The Fair Wear certification is one of the best-known labels for transparent textile supply chains. It guarantees the implementation of gender standards, living wages, social dialogue, and socially responsible working conditions.
The aim of Fair Wear
Fair Wear aims to inspire change by working hand-in-hand with its member brands. It provides expertise, research, and tools to implement better labor conditions.
Fair Wear Foundation is a non-profit organization that aims to make sustainable change accessible for all. It guarantees a level of transparency consumers can trust.
Fair Wear inspires brands to commit to fair and ethical practices and create a positive impact on the fashion industry.
Its mission is to see a world where the garment industry supports workers in realizing their rights to safe, dignified, and adequately paid employment.
Fair Wear focuses on garment production, especially the most labor-intensive steps of the supply chain, including sewing, cutting, and trimming processes.
The standard aims to find a fairer way to make clothes by working with factories, trade unions, NGOs, and governments. Its goal is to make the fashion supply chain fair for everyone.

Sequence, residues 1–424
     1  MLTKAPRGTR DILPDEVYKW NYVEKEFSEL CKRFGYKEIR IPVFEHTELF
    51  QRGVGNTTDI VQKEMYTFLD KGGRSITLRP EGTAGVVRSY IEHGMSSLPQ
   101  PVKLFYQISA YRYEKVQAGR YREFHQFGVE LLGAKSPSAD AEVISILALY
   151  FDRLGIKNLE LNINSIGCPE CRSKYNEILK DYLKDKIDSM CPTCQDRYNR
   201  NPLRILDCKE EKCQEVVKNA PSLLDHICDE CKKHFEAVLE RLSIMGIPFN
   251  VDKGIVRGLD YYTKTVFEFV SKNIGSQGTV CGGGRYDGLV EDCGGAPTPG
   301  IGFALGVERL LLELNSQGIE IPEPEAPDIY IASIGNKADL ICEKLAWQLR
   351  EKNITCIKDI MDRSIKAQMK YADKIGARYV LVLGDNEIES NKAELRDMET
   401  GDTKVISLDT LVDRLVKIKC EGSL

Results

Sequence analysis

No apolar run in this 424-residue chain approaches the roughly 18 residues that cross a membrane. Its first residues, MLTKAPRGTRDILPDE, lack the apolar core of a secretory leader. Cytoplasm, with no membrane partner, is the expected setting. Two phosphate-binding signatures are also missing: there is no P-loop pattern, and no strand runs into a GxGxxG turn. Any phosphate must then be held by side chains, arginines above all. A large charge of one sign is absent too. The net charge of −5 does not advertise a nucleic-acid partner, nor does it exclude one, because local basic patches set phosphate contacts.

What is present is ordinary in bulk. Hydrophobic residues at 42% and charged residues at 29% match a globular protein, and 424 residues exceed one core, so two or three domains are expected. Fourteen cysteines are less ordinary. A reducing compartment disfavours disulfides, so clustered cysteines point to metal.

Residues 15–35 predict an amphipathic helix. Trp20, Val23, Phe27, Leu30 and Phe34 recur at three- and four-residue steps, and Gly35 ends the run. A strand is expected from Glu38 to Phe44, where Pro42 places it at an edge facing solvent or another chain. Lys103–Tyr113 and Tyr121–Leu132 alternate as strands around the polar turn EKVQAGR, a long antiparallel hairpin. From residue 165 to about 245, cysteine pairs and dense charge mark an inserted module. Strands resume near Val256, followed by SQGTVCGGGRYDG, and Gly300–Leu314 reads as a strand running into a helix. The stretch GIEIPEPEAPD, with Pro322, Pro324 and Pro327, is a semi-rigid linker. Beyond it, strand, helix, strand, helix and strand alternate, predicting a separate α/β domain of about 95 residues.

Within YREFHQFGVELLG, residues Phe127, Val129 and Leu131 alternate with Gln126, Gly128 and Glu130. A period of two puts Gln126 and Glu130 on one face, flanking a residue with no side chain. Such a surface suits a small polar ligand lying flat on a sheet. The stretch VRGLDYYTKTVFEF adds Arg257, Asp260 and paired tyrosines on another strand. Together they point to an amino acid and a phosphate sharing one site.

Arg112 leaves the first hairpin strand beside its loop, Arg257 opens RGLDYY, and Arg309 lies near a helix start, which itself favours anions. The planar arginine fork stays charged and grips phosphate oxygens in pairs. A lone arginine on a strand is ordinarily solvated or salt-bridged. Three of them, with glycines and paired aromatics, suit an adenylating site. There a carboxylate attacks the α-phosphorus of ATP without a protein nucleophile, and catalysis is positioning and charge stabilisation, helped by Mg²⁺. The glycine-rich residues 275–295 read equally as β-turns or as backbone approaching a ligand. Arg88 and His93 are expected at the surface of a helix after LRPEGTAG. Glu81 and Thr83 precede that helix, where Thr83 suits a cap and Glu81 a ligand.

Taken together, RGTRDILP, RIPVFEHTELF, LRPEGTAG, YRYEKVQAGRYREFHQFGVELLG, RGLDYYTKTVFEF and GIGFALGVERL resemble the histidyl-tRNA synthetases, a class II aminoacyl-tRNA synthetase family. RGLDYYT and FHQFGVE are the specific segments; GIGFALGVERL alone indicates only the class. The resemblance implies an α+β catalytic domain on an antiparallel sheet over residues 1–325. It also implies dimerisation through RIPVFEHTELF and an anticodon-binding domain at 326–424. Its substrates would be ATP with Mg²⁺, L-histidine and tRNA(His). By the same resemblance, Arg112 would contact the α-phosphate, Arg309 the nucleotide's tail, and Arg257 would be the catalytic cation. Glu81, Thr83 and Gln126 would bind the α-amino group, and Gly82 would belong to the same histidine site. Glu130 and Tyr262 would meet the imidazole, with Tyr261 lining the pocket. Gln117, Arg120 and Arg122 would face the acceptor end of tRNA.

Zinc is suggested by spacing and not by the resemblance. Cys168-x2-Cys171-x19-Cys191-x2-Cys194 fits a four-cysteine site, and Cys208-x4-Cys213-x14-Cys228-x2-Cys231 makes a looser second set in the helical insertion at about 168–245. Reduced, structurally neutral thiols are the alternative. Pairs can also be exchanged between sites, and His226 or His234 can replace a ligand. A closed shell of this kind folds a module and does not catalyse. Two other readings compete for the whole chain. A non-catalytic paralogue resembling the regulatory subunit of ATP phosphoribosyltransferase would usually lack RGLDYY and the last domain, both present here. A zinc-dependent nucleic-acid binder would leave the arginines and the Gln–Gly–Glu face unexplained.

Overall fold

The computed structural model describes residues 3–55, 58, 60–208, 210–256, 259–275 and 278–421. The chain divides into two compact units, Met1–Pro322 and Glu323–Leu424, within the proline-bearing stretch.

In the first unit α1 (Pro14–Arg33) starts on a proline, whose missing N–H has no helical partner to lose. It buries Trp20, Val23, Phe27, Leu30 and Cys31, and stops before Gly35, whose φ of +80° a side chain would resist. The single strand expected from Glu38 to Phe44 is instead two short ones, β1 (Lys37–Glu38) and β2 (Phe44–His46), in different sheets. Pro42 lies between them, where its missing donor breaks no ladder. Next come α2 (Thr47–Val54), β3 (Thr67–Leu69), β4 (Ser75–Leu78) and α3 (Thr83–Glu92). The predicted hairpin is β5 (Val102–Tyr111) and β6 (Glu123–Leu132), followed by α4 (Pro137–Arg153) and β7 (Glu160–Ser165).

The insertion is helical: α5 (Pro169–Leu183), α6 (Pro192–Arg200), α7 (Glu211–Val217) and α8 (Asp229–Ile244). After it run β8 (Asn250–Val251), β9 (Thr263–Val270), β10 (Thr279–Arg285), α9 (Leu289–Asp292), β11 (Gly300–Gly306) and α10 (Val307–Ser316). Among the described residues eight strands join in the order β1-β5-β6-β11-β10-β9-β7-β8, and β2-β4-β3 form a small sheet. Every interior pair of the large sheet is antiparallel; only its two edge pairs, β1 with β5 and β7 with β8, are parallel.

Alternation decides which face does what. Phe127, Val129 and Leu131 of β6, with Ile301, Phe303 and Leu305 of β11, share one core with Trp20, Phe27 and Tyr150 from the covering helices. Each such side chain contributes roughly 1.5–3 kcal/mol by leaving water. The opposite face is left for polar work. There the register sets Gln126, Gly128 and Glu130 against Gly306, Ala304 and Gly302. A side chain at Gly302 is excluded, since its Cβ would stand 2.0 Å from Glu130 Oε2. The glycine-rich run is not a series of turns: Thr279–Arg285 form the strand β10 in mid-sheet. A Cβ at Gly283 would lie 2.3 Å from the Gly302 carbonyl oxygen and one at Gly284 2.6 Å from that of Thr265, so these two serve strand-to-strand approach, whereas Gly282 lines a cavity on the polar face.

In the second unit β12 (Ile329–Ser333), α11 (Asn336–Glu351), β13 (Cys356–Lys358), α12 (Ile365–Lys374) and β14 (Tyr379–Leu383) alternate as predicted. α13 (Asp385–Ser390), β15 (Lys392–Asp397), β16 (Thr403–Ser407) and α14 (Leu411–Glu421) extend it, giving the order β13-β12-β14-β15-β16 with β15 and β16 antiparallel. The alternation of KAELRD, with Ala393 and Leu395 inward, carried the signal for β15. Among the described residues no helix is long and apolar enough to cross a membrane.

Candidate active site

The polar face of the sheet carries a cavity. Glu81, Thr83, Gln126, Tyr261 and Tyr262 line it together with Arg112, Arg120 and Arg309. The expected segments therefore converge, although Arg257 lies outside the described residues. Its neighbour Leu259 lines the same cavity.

Fair Wear believes that fair fashion is about fundamental rights. It encourages brands and other industry influencers to get on board to transform the industry.
Ultimately, the Fair Wear Foundation works towards a fairer and more ethical fashion industry.
What does Fair Wear certified mean?
When apparel companies become Fair Wear certified, they must be open and transparent about their business practices.
Fair Wear certified means that a brand is a Fair Wear member and actively working to improve labor conditions for people in the garment industry.
The Fair Wear Foundation requires its members to be open about the conditions and complaints received in the factories that produce their garments and share this information publicly.
The Fair Wear certification also audits the performance of clothing brands by conducting checks at three levels:
- audits of business practices and management decisions
- audits of the factories to inspect working conditions
- directly hearing from the garment workers
Fair Wear certified clothing brands create practical plans and lay down the next steps to better working conditions. They are committed to improving step-by-step toward more responsible business practices.
The Fair Wear certification process
The Fair Wear certification applies to apparel companies members of the Fair Wear Foundation.
Conscious brands willing to create positive change need to apply to be a Fair Wear member and follow the application process.
The application process takes about 12 weeks from submission. The timeframe may vary and depends on the company's structure and supply chain size.